I’m convinced that we dads can learn a lot from good coaches as we strive to raise our own budding all-Americans. One of my favorite coaching quotes actually comes from a football coach, the legendary Vince Lombardi. Looking back on his coaching years, Lombardi noted that what he missed most wasn’t the winning or the competition or the crowds. What he missed most was the camaraderie, the relationships that were forged and tested on the battleground. He said, “It’s a binding together…. It’s like fathers and sons, and that’s what I miss. I miss the players coming to me.”

What-the-Best-Coaches-and-Dads-Do

The best coaches, including Lombardi and many of you, recognize that they also play an important role as father figures. There are many ways fathers and coaches have similar roles, and here are 3 ways I believe we can improve our fathering by imitating coaches.

1. A good father (like a good coach) is aware of his children. He watches closely and gets to know them well; he learns about their gifts, attitudes, weaknesses, and tendencies, then he helps them develop their abilities and perform their best. He tries to put them in situations where they can succeed, giving each member a role so he or she can make a valuable contribution to the team.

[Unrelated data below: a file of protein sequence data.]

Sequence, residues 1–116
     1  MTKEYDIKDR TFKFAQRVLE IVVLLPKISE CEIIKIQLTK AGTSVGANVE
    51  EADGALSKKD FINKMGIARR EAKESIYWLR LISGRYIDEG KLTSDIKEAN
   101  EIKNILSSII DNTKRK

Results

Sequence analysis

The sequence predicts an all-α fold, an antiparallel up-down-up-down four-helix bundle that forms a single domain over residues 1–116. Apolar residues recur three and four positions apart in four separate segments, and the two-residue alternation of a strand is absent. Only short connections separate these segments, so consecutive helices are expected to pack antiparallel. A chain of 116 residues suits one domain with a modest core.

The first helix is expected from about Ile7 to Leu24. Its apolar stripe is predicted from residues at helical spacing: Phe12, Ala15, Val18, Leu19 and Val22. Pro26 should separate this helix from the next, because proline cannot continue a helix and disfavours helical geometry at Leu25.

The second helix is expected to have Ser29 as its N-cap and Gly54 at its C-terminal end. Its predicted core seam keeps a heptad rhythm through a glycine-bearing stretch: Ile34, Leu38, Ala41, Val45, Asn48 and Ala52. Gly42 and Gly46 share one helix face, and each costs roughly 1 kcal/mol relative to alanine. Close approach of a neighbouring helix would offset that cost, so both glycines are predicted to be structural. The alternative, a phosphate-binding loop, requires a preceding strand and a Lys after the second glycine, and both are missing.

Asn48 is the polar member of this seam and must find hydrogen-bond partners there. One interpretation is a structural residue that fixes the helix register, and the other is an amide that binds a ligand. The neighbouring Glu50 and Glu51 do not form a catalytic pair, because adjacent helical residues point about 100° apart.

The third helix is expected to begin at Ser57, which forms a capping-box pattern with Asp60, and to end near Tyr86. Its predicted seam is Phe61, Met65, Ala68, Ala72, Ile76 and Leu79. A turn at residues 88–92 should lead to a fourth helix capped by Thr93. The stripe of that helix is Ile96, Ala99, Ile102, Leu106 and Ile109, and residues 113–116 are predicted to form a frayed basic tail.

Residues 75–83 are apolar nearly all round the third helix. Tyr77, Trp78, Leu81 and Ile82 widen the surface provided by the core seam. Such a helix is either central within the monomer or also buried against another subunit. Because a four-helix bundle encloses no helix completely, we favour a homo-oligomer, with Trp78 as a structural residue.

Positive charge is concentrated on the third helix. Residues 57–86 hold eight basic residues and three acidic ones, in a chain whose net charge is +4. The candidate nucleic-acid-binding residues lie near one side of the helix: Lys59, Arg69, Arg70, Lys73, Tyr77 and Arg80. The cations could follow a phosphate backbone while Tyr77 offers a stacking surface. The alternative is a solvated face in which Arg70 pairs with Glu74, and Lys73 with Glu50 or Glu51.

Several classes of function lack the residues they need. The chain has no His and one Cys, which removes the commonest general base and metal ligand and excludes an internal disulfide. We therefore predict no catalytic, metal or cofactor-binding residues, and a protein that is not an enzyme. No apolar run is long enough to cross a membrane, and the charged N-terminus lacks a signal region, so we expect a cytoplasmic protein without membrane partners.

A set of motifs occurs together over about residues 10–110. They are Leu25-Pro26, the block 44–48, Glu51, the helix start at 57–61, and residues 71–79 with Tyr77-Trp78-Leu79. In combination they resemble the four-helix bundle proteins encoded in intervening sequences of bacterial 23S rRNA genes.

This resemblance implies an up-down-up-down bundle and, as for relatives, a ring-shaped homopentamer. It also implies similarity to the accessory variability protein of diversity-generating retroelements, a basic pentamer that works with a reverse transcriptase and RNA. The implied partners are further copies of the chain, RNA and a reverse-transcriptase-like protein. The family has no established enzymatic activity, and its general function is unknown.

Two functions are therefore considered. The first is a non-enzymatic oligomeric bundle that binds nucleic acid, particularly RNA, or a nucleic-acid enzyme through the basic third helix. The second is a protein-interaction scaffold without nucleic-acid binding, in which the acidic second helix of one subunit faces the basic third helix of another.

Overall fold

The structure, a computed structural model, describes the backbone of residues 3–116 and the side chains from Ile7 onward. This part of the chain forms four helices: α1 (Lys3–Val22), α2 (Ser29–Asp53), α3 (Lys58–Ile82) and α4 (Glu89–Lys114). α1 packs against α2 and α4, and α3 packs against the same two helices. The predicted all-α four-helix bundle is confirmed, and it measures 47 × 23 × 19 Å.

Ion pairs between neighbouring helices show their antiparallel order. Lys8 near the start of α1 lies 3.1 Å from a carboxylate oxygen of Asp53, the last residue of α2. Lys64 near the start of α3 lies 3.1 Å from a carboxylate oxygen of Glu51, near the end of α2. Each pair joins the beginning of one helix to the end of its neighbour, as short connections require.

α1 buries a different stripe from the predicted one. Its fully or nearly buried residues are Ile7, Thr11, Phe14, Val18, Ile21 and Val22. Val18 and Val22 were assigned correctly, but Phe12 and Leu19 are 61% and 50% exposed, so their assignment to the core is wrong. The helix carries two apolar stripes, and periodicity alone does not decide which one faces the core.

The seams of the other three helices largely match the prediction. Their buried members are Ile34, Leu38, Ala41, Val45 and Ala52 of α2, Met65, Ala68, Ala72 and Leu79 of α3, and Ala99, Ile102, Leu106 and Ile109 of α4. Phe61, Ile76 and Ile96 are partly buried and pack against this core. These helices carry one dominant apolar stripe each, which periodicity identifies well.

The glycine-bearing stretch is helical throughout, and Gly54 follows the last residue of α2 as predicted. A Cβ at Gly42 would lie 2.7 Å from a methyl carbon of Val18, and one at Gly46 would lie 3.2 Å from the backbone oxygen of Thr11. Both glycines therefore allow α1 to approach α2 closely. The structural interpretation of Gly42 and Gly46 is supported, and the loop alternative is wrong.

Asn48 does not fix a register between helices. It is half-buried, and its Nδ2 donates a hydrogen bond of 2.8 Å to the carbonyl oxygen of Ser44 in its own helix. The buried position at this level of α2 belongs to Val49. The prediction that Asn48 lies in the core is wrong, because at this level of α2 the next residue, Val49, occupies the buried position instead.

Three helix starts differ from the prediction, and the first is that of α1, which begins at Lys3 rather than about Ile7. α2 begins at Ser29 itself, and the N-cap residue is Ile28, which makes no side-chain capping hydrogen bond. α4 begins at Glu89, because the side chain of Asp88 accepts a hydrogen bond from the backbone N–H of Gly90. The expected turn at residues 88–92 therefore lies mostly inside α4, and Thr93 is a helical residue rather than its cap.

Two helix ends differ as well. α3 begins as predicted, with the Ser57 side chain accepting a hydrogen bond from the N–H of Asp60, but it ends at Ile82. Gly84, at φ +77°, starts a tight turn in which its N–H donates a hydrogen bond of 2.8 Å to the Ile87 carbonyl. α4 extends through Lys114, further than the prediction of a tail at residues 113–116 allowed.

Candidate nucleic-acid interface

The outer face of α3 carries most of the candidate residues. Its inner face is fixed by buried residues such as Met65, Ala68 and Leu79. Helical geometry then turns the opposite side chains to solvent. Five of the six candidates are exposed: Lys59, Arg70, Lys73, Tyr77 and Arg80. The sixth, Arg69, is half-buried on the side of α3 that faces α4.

2. He builds strong relationships and a sense of family among the group. He leads in such a way that everyone wants to do well for the benefit of the entire group. They know they can trust each other in the heat of battle; they don’t want to let each other down.

3. A good coach (and father) provides motivation and encouragement. In life, as in sports, there are great plays and dropped balls, winning streaks and slumps, good seasons and bad. A good dad is ready to celebrate enthusiastically or exhort his children to keep fighting—to dust themselves off, learn from the setbacks, and get back in there. He tells his children, “I believe in you,” win or lose.